What’s on the horizon for the Redding Airport…
With all the good news coming out of Redding Municipal Airport these days, it wouldn’t be surprising if Jim Wadleigh, the city’s airport manager, has his head permanently in the clouds.
He doesn’t, but his heart’s certainly in the clouds and he’s hoping his enthusiasm for flying local will catch on. In fact, he says, the most effective way North State residents can ensure reliable, and affordable, commercial air service is to fly out of Redding.
“We’re asking the community to check us out,” Wadleigh says. “There are so many ways to move around now – Seattle, LAX, Burbank, SFO – and having options provides value to the community. I hope people see that.”
One of those options was showcased in May when Avelo Airlines began three-days-a-week service to Hollywood Burbank Airport, providing travelers with a convenient complement to the existing United Airlines service to Los Angeles International Airport. To sweeten the deal, Avelo kicked off the Redding service with introductory $19 one-way fares. A 189-seat Boeing 737-800 will depart on Tuesdays, Thursdays and Saturdays. More flights will be added as demand warrants, Wadleigh says.
Avelo executives say the Redding market is attractive to cost-conscious travelers looking to escape the hustle and bustle of big cities and enjoy the outdoors. Avelo’s website notes Redding enjoys 300 days of sunshine a year and has more than 600 square miles of state and national parks within a 30-mile radius.
“This is one step closer to making Redding easily accessible so more people can experience what we get to experience every day,” says Redding Mayor Erin Resner. “In addition, the convenience and affordability this flight creates for our own community’s travel is so exciting.
I’m incredibly grateful for everyone who worked on this impressive project.”
A second travel option will be unveiled this month when Alaska Airlines begins daily service to SeattleTacoma International Airport, a major hub that gives Redding-based travelers more access to destinations like Chicago and points farther east. Some Seattle flights will be priced as low as $95 each way.
The first Alaska flight is scheduled to leave Redding at 7:20 a.m. on June 18 and will be preceded by a celebration at the airport. Todd Jones, president of the Shasta Economic Development Corporation and part of the city’s air services team that recruits airlines, says he’ll be at the tarmac party and on that first plane to Sea-Tac.
“I’m going with my wife and we’re going to spend the weekend in Seattle,” Jones says. More importantly, Jones says the Alaska Airlines service “is another win for the local business community who want more direct flight options that leave early enough for a business meeting during the day, and still get you home for dinner with your family.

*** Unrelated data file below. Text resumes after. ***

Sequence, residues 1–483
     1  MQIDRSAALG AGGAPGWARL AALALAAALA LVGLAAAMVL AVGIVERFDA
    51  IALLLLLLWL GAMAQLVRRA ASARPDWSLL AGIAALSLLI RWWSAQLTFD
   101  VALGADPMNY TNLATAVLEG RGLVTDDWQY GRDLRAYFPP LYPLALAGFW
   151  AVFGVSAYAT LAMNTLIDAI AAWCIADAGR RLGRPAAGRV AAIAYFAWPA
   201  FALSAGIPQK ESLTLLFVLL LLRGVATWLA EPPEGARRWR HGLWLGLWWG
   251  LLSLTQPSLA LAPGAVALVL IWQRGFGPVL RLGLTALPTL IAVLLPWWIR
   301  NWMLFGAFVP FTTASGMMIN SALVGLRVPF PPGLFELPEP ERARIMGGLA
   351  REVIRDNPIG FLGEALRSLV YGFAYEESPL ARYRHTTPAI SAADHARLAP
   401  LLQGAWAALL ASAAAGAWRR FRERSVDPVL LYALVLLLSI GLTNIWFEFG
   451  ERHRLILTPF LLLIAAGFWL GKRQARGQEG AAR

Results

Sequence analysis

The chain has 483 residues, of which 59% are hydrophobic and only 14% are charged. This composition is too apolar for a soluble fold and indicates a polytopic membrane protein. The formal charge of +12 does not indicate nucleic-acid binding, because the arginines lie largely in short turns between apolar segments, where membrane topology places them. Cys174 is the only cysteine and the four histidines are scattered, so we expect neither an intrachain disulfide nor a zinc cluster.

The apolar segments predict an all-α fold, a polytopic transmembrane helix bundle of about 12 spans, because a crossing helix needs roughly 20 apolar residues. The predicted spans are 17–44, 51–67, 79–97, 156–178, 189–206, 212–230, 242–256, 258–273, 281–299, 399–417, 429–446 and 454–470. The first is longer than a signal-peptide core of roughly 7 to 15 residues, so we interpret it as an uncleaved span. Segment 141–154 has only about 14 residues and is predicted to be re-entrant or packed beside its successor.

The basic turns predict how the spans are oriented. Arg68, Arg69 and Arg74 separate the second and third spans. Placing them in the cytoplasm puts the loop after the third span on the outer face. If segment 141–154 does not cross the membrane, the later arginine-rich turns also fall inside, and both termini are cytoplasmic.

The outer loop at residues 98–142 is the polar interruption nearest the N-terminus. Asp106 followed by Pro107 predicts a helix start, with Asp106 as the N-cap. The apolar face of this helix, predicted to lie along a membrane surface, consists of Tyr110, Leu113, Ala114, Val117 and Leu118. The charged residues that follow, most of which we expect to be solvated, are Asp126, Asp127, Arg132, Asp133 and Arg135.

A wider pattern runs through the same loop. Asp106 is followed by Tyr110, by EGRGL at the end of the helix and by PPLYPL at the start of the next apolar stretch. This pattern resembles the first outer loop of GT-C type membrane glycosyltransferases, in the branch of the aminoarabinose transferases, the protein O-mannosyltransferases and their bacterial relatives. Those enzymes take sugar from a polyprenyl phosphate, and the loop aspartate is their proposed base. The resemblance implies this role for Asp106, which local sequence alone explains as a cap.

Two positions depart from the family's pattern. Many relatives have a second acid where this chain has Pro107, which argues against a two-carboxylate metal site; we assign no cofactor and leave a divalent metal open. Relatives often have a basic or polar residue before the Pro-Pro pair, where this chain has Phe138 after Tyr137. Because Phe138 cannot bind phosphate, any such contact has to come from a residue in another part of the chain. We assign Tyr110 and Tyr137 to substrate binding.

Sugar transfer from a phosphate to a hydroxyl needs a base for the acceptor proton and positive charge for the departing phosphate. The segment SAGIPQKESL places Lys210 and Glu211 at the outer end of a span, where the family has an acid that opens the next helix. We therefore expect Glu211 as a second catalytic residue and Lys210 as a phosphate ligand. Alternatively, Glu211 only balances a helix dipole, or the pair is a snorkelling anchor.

“We are not just a great place to live. We are a great place to do business, and people from around the country are recognizing this,” Jones says. “Adding another flight to connect us to the Pacific Northwest opens more opportunities for our community to grow.”
The new flights, as well as the established United Airlines connections to San Francisco and Los Angeles, add to Redding’s appeal to prospective employers, say Wadleigh and Jones. Of course, those planes fly in both directions and they help make the North State more enticing to visitors interested in the recreational opportunities that abound within the California Adventure District.
Courting air service is a delicate dance that involves some willing partners, Wadleigh says. Airlines are interested, as evident by the near-monthly meetings, but every new route has to pencil out. “Airlines are good at what they do. They’ll pick the market that will make money and fill the most seats,” he says.
It’s competitive on the airport owner’s side of the table as well, and that’s where Wadleigh says he has the advantage of an extremely supportive City Council that’s willing to OK fee waivers and revenue guarantees to help fledgling air services find their wings and fly.
A marketing partner like the Shasta EDC also helps. “When Todd joins me in meetings, he talks about community, the growth, tourism, the hotel bed tax, housing, business growth … he wants to highlight this community and how it stacks up against others,” Wadleigh says.
Wadleigh also has been busy trying to make the overall airport experience a more pleasant one with improvements to the terminal and parking lot. Another prospective improvement will be a new and illuminated flagpole erected through the efforts of Daniel Cook, a member of Redding Boy Scout Troop 125. Daniel has selected the $14,000 undertaking as his Eagle Scout project and as a way to honor his late grandfather, Alexander “Al” Mistal, and other North State veterans.
“All I’m asking is that people give the Redding Airport a good look. If they didn’t like what they saw in the past, now is a good time to take a fresh look at Redding,” Wadleigh says.
To contribute to Daniel Cook’s flagpole project, address checks to Troop 125 and send them to 3336 Bechelli Lane, Redding, CA 96002
For more information: https://youtu.be/sJOHSSEUr5M